Re: SQL Profile
- From: Kerry Osborne <kerry.osborne@xxxxxxxxxxx>
- To: karlarao@xxxxxxxxx
- Date: Thu, 23 Jul 2009 10:39:36 -0500
Karl,First, I think you need to convince yourself as to whether the profile is being used or not. There is a column in v$sql (sql_profile) which will have the name of the profile if one is being used. Also xplan will show that a profile is being used at the bottom of the output.
If the profile is being used, but the plan is not what you expected, there are a couple of likely culprits.
First, if it's a profile generated by SQL Tuning Advisor it's quite possible that it will have one or more OPT_ESTIMATE hints - which apply scaling factors to various operations. These types of profiles can and do switch plans fairly easily, because they are not even attempting to lock anything. As the stats change, the plans can change.
The second common possibility is that Oracle decided to use an index hint that doesn't specify the index name, but rather the columns that it would like to use an index on. For example:
INDEX_RS_ASC(@"SEL$1" "TEST_TABLE"@"SEL$1" ("TEST_TABLE"."COL2" "TEST_TABLE"."TEST_TABLE_ID"))
This hint does not specify an index, but rather columns to use an index on. I'm not sure when this form became a preferred approach but it certainly seems to show up pretty often. So that leaves the optimizer with the flexibility to pick an index based on stats. In systems with lots of indexes, this makes it more likely that a plan will switch plans even though it's using an Outline or Profile. In fact, you may have a statement with multiple plans in the shared pool, pick one to create an outline or profile with, enable it, and have the new child use a plan that's different from the plan of the child you used to create it with. Very frustrating.
One last comment. I believe that all this is just trickery to try to work around a situation where you can't get to the code. Because of all the issues, I don't think they are the best long term solutions. But they can provide quick relief in a pinch.
Kerry Osborne Enkitec blog: kerryosborne.oracle-guy.com On Jul 23, 2009, at 6:37 AM, Karl Arao wrote:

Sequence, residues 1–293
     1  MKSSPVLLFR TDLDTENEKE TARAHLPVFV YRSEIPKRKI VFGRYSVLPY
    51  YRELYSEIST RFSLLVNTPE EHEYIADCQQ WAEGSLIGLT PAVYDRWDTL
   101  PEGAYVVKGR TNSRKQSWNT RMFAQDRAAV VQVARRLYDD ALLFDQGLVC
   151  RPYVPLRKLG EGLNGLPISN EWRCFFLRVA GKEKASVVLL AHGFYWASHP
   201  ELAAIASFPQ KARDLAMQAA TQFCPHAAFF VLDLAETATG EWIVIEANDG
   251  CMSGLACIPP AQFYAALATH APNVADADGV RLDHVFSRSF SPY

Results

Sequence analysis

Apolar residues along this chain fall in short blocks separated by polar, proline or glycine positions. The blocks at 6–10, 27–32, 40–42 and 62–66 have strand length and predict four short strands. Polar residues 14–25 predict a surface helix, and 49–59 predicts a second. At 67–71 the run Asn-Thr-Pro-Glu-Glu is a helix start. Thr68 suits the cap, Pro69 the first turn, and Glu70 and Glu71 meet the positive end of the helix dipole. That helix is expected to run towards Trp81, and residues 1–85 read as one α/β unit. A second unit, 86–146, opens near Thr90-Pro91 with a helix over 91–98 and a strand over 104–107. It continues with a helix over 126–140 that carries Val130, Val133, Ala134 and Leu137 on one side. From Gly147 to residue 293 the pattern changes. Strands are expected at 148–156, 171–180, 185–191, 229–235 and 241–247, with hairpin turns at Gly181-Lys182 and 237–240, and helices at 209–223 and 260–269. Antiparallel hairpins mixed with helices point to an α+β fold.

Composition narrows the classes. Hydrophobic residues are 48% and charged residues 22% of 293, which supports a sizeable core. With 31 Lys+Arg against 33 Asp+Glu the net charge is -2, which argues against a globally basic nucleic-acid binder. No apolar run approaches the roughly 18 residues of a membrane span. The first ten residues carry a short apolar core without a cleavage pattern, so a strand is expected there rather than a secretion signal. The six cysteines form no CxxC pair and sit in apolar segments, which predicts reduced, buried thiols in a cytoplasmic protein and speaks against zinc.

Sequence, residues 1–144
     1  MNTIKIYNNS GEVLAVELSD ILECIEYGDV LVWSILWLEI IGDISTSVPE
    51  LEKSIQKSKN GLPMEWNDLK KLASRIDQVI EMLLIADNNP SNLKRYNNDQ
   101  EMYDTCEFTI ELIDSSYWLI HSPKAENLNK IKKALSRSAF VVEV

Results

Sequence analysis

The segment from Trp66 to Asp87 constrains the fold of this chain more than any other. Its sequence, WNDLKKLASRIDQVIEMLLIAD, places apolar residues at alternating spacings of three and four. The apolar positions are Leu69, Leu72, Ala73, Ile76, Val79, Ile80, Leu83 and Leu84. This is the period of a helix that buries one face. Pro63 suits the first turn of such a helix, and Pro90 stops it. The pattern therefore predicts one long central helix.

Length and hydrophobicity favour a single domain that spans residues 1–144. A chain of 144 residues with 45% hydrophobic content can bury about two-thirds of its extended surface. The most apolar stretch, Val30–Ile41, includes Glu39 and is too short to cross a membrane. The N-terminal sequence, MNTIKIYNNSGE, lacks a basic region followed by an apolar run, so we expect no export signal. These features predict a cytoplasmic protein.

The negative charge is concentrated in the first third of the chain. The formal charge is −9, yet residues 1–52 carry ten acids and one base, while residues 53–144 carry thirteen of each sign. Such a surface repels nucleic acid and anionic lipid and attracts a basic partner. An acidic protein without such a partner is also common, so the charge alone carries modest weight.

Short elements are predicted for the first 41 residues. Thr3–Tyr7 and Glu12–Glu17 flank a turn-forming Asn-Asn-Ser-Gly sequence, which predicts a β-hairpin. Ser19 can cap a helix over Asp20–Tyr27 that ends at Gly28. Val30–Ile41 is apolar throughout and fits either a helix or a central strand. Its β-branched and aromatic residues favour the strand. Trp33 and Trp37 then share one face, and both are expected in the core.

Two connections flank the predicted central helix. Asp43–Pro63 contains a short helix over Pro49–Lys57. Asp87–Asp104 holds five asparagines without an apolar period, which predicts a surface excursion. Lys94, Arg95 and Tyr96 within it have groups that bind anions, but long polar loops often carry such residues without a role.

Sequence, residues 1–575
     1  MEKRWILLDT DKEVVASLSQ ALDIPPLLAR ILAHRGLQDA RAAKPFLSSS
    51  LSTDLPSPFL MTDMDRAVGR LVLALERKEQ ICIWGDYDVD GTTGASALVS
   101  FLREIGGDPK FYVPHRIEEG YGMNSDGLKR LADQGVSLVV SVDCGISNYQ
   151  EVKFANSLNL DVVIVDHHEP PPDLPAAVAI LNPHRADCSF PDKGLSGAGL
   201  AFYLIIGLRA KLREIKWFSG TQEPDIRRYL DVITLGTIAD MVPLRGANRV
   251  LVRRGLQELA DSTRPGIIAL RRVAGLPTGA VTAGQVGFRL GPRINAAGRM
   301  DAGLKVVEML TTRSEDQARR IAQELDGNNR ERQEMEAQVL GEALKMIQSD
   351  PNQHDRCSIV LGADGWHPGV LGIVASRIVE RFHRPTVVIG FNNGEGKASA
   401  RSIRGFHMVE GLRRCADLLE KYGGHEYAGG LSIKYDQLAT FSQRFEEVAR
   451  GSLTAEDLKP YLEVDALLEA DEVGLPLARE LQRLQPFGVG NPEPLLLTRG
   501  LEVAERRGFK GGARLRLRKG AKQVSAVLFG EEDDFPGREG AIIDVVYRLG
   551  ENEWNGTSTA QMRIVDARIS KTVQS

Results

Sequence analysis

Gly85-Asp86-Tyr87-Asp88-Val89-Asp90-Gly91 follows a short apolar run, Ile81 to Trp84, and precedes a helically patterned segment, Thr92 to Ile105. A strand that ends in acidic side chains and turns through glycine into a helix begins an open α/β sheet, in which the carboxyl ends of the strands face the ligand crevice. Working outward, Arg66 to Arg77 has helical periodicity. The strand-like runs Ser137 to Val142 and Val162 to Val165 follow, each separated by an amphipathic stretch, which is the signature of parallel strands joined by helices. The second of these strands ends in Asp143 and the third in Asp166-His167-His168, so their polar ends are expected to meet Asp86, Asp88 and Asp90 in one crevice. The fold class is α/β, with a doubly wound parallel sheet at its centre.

Kerry, Yes I've read that.. and currently doing some multiple read on these blog posts. http://kerryosborne.oracle-guy.com/2008/09/sql-tuning-advisor/ http://kerryosborne.oracle-guy.com/2008/10/unstable-plans/ http://kerryosborne.oracle-guy.com/2008/10/explain-plan-lies/ http://kerryosborne.oracle-guy.com/2008/12/oracle-outlines-aka-plan-stability/ http://kerryosborne.oracle-guy.com/2009/03/bind-variable-peeking-drives-me-nuts/ http://kerryosborne.oracle-guy.com/2009/04/oracle-sql-profiles/ http://kerryosborne.oracle-guy.com/2009/04/do-sql-plan-baselines-use-hints/ http://kerryosborne.oracle-guy.com/2009/04/do-sql-plan-baselines-use-hints-take-2/ http://oracle-randolf.blogspot.com/2009/03/plan-stability-in-10g-using-existing.html http://jonathanlewis.wordpress.com/2008/03/06/dbms_xplan3/ http://antognini.ch/papers/SQLProfiles_20060622.pdf Chris,Probably the execution plan has changed but still using the same profile.A possible solution is to get the outline hints as indicated in http://oracle-randolf.blogspot.com/2009/03/plan-stability-in-10g-using-existing.html SQL> -- Create the SQL profile based on that cursor SQL> @create_profile_from_shared_pool c2trqja6wh561 0 TEST true SQL> declare 2 ar_profile_hints sys.sqlprof_attr; 3 cl_sql_text clob; 4 begin 5 select 6 extractvalue(value(d), '/hint') as outline_hints 7 bulk collect 8 into 9 ar_profile_hints 10 from 11 xmltable('/*/outline_data/hint' 12 passing ( 13 select 14 xmltype(other_xml) as xmlval 15 from 16 v$sql_plan 17 where 18 sql_id = '&&1' 19 and child_number = &&2 20 and other_xml is not null 21 ) 22 ) d; 23 24 select 25 sql_text 26 into 27 cl_sql_text 28 from 29 -- replace with dba_hist_sqltext 30 -- if required for AWR based 31 -- execution 32 v$sql 33 -- sys.dba_hist_sqltext 34 where 35 sql_id = '&&1' 36 and child_number = &&2; 37 -- plan_hash_value = &&2; 38 39 dbms_sqltune.import_sql_profile( 40 sql_text => cl_sql_text 41 , profile => ar_profile_hints 42 , category => '&&3' 43 , name => 'PROFILE_&&1' 44 -- use force_match => true 45 -- to use CURSOR_SHARING=SIMILAR 46 -- behaviour, i.e. match even with 47 -- differing literals 48 , force_match => &&4 49 ); 50 end; 51 / - Karl Arao http://karlarao.wordpress.com On Thu, Jul 23, 2009 at 2:58 PM, Christian Antognini<Christian.Antognini@xxxxxxxxxxxx> wrote:Hi KarlWe have this SQL with a good SQL profile.. then suddenly somethingchanged on the optimizer and the good profile was not used anymore onits next execution.Mhmm... I'm puzzled. Do you mean that the execution plan has changed orthat the SQL profile is no longer used? These are two completely different things. In fact, by design, the SQL profile doesn't force aspecific execution plan. And, therefore, it is normal that the executionplan can change.1) Can I force the SQL to use the old SQL profile or SQL profile's plan? I don't see on the DBMS_SQLTUNE any option to use the old profile or plan.Again, there is no old or new SQL profile... Or you recreate the SQLprofile regularly? I guess it's not the case. Therefore, there is onlyan old or new execution plan. If the profile is still there and, therefore, only the execution plan has changed, to "see" the oldexecution plan you have to bring the old execution environment back. For example, if the object statistics have changed, you have to restore themfrom the history...2) If I have a backup of the profile from a table using DBMS_SQLTUNE.CREATE_STGTAB_SQLPROF and DBMS_SQLTUNE.PACK_STGTAB_SQLPROFand apply it again using DBMS_SQLTUNE.UNPACK_STGTAB_SQLPROF. Is therea way to use the good old plan of that profile?Again, the SQL profile doesn't force to use a specific execution plan.Hence, you need exactly the old execution environment to have the old execution plan.
- Re: SQL Profile
- From: Karl Arao
- Re: SQL Profile